- There also has been signs that, given his long and reportedly constructive talk with Xi just a few days before the AUKUS announcement, Biden is determined to direct very closely the wording of any official US comments about China. As he set out subsequently in his speech to the UN General Assembly where the actual word was meticulously avoided. So in his comments on AUKUS he would not be drawn to confirm that it was directed towards China. Again, his very impressive spokesperson, when tackled on this by the media after the announcement, reconfirmed Biden’s words and added the comment that they would leave it to the Australian side to comment how it wanted on that point! And the “fella down under” did not help things.
- In response to reports of some concern from Indonesia and Malaysia about AUKUS and the submarines, the ambassador to ASEAN released a lengthy media statement to emphasise that AUKUS was not a “defence alliance or pact” and to confirm Australia continued its various long term involvement in South-East Asia. Morrison has also spoken by phone to the Indonesian president and the media reports today that the vice chief of defence staff is to visit some ASEAN countries soon to reassure them about AUKUS and the submarines. All of this is too late and too little. In past years this task would have been given to the minister for foreign affairs or a very senior diplomat with strong personal networks in the region.
- Prime Minister Jacinda Ardern has been quick to advise that the New Zealand government would not be lifting its ban on visits by nuclear powered ships, which had caused some tensions within ANZUS years ago. It is also likely that many of the South Pacific countries would not welcome visits by nuclear powered submarines.
- There has also been speculation that the Australian acquisition could lead to an arms race elsewhere in the region. Both Japan and the ROK likely could be interested to explore gaining access to nuclear powered submarines. As also, India which is already an acknowledged nuclear power
In his comments to the media in Washington, Dutton expanded on the AUKUS list of possible items for cooperation by reference to basing and storage of weapons and materiel. This would be consistent with the pressure the US has been mounting on us for many years which led to then prime minister Julia Gillard agreeing to the temporary rotational deployment of US Marines in Darwin and the use of airfields in the north by US military aircraft. The US has also long pushed for the homeporting of a nuclear powered aircraft carrier at Stirling in Western Australia.- which might well be back on the books again with our nuclear powered submarines to be based there. There have also been suggestions of a possible Australian base for UK nuclear submarines operating in the Indo Pacific.
To look closer at the nuclear submarine proposal, it is pretty clear that we have lost at least 10 years in the development of a replacement submarine even in the unlikely prospect that we can determine “the optimal” choice within 18 months. This raises some very serious issues, apart from the obvious ones of cost, including:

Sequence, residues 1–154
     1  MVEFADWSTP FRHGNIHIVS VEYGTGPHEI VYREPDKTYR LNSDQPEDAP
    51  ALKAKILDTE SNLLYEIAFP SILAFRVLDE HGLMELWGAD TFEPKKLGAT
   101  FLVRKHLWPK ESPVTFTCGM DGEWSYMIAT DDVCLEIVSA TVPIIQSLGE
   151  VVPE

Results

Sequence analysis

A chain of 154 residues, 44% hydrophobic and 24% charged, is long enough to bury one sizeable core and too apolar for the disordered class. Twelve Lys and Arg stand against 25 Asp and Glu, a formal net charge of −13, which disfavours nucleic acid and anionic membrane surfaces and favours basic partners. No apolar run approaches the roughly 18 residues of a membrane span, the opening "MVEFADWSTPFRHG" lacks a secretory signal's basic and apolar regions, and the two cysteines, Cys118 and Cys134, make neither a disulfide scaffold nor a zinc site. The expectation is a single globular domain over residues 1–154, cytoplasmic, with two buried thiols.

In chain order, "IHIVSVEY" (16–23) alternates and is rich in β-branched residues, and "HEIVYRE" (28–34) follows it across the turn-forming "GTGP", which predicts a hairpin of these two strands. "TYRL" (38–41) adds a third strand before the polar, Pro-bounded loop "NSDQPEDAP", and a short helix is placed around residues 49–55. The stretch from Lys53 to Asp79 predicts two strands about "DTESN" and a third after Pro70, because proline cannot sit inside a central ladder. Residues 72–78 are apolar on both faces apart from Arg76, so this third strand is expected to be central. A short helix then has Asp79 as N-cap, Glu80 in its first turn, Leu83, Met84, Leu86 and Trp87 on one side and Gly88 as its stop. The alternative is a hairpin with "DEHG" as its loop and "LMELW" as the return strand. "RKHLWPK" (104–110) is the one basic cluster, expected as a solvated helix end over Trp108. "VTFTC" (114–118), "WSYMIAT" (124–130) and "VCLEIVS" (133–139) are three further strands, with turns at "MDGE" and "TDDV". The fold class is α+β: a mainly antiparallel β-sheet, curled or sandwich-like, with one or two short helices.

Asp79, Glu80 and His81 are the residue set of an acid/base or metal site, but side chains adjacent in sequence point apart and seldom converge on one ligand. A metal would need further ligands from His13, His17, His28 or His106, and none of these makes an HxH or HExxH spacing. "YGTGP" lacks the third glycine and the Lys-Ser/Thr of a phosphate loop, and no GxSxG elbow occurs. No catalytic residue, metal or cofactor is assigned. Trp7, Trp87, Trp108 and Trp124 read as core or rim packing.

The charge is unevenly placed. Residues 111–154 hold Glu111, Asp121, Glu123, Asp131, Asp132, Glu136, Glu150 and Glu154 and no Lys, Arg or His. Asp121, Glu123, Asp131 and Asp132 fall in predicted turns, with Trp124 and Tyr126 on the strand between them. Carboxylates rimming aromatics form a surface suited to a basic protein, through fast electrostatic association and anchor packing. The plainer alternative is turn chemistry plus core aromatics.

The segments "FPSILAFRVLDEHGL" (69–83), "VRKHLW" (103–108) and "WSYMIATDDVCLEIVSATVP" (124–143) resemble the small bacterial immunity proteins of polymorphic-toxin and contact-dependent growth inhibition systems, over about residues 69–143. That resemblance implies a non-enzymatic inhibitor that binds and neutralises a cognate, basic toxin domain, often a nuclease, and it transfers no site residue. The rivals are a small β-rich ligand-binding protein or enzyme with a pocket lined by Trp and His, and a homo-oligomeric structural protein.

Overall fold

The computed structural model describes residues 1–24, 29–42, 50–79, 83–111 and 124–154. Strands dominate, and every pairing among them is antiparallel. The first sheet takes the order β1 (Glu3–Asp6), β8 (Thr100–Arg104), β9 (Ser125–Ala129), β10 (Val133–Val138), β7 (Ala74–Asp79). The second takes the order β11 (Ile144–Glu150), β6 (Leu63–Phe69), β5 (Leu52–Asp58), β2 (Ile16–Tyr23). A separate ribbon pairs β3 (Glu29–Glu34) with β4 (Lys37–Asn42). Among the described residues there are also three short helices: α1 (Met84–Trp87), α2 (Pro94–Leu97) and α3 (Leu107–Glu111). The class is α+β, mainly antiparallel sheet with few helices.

- Others have explained that we are likely only to begin deploying the new submarines in 2040. This leaves the challenge of upgrading the current Collins-class submarine to tide over some of the transition period — but with nothing approaching the same capability as the new submarine which will be much larger and carry a substantially more capable array of weapons. Ironically, some of the key features of the Collins which will need significant upgrading have been supplied by a French contractor!
- The US option (Virginia-class) has been the subject of a Congressional Research Service Report of September 14, 2021 which detailed major concerns about the failure of the relevant shipyards to produce on time and within budget the significant number of outstanding orders. Added to critical supply problems with the vital spares needed for repair of those submarines now in service. Given the US domestic political considerations and “America First” there would have to be real concerns about similar problems for the Australian submarines.
- There have also been challenges for the British option (Astute) — a smaller vessel with less cruise missile capability. It is coming to the end of construction and the British government has just let a very large contract for the design of the successor submarine. Also ASC is owned by BAE which is the only submarine builder in the UK.
- How much of the construction work would be done in Australia? Early speculation is that in both cases there would be a lower percentage of ASC work compared with that in the French submarine. The domestic political angle here will be no small issue.
- As the intense debate over the then vexed question of the visits of nuclear powered warships to Australian ports (in which I had some personal involvement) showed, some difficult NIMBY issues with both the construction (in and around ASC in Adelaide) and basing (in Western Australia) have to be factored in. But also more widely, in visiting other major Australian ports. Sydney being a particular case.
- As with our earlier submarines, crewing will likely be another challenging issue. It took many years to produce enough crews for the Collins-class. Their complement was around 40 while the Astute is around 100 and the Virginia 135. This task will be made even more difficult by the number of years when we have zero or few submarines in operation.
One all too obvious conclusion from the way this exercise has been handled is that Morrison and Dutton have had the forthcoming election uppermost in mind throughout. A khaki election appears inevitable.